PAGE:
The next step in the process for successfully barcoding your products is to conform to international barcode size requirements and also select appropriate colours for your barcode so that it will scan correctly. Barcode images are usually supplied at SC2 or 100% magnification: 25.93mm x 37.29mm. You are able to reduce the image size down to SC0 or 80% magnification: 21.25mm x 30.51mm or increase the size up to 200% magnification: 51.86mm x 74.58mm without affecting scannability. It is important when altering the barcode image size that you alter the height and width proportionally. Also take care to never cut out the white space around the barcode. This white space is known as the ‘quiet zone’ and is a necessary part of the image as it tells the scanner where the barcode ‘starts’ and ‘ends’.

The best colour combination for a barcode is the standard black over white which we see almost exclusively in the retail marketplace. Colourisation of a barcode is possible but because a barcode scanner uses the reflection of infrared light to decode the bars there are some colour combinations that cannot be used. Generally speaking if you have dark bars over a light background the code should scan fine with the exception of colouring the bars red or yellow as a scanner will read these colours as ‘white’. See examples of scannable and non-scannable colours below.

Scannable Colour Combinations

Non-Scannable Colour Combinations

Some retailers will require you to obtain a verification report for your barcode artwork. A verification report basically tests a printed barcode by scanning it from a range of distances and angles and rates the scannability of the barcode with an ISO (International Standards Orginisation) score of 1 to 4 with 4 being the highest possible score. If you require a verification report for your products then you must conform with the size & colour guidelines detailed above.

Printing Your Barcode

Once you have adjusted your barcode image digitally you now have a number of printing options to consider. The most efficient way to affix your barcode to your product is to include the digital image on your artwork proofs before sending the packaging to be printed. This method gives you full control over the placement of the barcode on your packaging as well as size & colour options that will help the branding and overall look of your product. To do this you will need to take one of the images we have supplied (EPS, JPEG or TIFF) and include it in your artwork proof design. If you or your graphic designer use the EPS layered file then the OCRB human readable font included with your barcode package will need to be installed on the computer used to open the EPS file.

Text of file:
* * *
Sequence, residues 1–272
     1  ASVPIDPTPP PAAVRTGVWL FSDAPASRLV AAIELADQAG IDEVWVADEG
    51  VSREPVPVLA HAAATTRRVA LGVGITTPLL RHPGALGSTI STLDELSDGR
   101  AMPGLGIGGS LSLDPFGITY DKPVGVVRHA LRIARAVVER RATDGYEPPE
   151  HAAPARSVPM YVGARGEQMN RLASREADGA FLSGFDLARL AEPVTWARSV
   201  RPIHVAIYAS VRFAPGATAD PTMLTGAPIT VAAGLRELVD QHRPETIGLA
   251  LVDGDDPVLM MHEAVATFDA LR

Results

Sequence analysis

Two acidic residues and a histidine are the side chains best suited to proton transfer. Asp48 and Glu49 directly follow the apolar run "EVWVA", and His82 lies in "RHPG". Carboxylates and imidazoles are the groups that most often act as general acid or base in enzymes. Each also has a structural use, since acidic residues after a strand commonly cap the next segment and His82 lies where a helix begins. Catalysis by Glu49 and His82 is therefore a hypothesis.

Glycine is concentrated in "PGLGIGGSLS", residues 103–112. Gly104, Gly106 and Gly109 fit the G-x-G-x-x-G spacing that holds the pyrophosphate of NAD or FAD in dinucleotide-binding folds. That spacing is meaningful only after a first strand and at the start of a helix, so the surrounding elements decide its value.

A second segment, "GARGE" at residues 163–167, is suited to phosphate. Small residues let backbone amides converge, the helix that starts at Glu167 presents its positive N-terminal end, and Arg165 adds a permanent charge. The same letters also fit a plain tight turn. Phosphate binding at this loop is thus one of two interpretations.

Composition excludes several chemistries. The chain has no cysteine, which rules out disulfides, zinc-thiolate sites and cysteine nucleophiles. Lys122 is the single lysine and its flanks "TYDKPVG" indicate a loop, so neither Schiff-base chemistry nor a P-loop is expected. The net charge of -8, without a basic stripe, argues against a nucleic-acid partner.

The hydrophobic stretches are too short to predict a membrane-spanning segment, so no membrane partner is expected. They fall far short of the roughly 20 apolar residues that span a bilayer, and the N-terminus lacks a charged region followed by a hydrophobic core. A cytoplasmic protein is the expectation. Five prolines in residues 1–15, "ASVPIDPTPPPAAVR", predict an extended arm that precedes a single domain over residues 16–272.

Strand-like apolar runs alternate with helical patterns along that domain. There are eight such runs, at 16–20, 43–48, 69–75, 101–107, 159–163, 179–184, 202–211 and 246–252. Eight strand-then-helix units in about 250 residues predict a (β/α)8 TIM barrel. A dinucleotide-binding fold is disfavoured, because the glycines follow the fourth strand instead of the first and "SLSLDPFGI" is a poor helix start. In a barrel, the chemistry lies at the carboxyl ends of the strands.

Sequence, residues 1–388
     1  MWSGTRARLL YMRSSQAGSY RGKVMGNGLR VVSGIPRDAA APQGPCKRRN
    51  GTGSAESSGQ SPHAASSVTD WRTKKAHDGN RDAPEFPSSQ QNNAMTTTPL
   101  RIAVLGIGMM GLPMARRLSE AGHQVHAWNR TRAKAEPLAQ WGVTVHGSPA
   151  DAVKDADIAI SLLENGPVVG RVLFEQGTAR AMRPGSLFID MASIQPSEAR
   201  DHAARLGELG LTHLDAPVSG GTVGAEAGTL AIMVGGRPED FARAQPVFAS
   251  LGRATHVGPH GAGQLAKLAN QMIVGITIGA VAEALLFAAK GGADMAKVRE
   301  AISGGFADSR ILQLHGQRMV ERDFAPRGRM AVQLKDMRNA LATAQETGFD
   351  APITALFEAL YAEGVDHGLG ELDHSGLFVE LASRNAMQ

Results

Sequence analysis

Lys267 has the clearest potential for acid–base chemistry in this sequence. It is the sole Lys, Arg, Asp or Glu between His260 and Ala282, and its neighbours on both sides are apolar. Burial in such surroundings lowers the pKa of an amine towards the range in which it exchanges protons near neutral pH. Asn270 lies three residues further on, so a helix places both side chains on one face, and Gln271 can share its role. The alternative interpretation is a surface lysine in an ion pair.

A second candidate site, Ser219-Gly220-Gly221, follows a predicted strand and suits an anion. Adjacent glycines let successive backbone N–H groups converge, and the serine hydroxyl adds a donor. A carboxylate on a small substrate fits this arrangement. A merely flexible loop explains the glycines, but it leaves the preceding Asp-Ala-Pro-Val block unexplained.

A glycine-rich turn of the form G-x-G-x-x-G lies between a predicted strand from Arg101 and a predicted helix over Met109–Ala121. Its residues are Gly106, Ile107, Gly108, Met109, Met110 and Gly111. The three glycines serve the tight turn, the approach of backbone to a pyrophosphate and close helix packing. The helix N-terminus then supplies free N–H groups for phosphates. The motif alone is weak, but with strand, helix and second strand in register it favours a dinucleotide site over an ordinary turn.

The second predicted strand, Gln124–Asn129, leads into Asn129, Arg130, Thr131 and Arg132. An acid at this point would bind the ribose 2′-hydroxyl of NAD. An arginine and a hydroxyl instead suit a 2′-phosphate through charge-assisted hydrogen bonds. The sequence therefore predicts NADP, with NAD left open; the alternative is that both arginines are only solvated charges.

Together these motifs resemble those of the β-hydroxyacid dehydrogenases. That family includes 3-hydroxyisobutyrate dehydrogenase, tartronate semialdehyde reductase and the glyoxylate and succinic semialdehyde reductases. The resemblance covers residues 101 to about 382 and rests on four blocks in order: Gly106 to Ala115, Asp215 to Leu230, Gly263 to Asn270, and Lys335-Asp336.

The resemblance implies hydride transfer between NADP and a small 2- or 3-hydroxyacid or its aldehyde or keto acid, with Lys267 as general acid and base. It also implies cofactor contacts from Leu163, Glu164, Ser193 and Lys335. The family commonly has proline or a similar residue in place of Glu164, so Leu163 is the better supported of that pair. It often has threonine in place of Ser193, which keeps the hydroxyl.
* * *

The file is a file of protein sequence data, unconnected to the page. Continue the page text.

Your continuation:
There may be a number of reasons why you cannot include the barcode image on your product packaging. If your packaging has already been printed or if your product comes in a clear plastic wrap then you will need to affix your barcode in another way. The second most popular method is to print stickers of your barcode. There are two ways to do this:

1. Contract a professional printing company to print off rolls of sticky labels. This method would be most useful for businesses with a small product range and large quantities of units sold as most rolls of barcode stickers would come with a minimum of 1500-1000 stickers.

2. Use a barcode label printer like a Brother TD-4000, DYMO LABELWRITER 4XL MACHINE LW4XL or Zebra GC420D to print sticky labels on a need basis. This option would be most suitable for businesses who have a large product range and low turnover of units sold as you are able to print off stickers as needed.

Introducing Your Product to Retailers

Barcodes themselves do not hold information, they are simply a visual representation of a globally unique number that represents a product. Once you incorporate your barcode into your product’s artwork, labels the barcode number has already begun doing it’s job of representing your product in the supply chain.

When you supply your product to a retailer, you may be required to complete a product information form linking your product and company details to the barcode number. The retailer will transfer this information into their sales & inventory system allowing your product to be scanned at POS. This process is required every time you introduce your product to a new retailer.

Some companies falsely advertise that their databases allow your product information to be globally available in retail stores but the simple fact is that almost every retailer has their own internal database of products linked to their POS system. Nine times out of ten you will be required to complete this process of supplying your product information to your retailers no matter where you purchase your barcodes from.

Introducing Your Product to Online Retail Spaces

Many people use online retail outlets like Amazon, FlipKart & eBay to sell products. There are numerous articles online about how to register your products on these platforms so we will not cover it in this one! If you have any questions about online retail barcoding please feel free to get in touch.


Your products and barcodes are now ready for the retail space! We wish you the best of luck and hope that this article was helpful. If your company needs barcodes or advice on barcoding please feel free to get in touch and we will be happy to help in any way we can.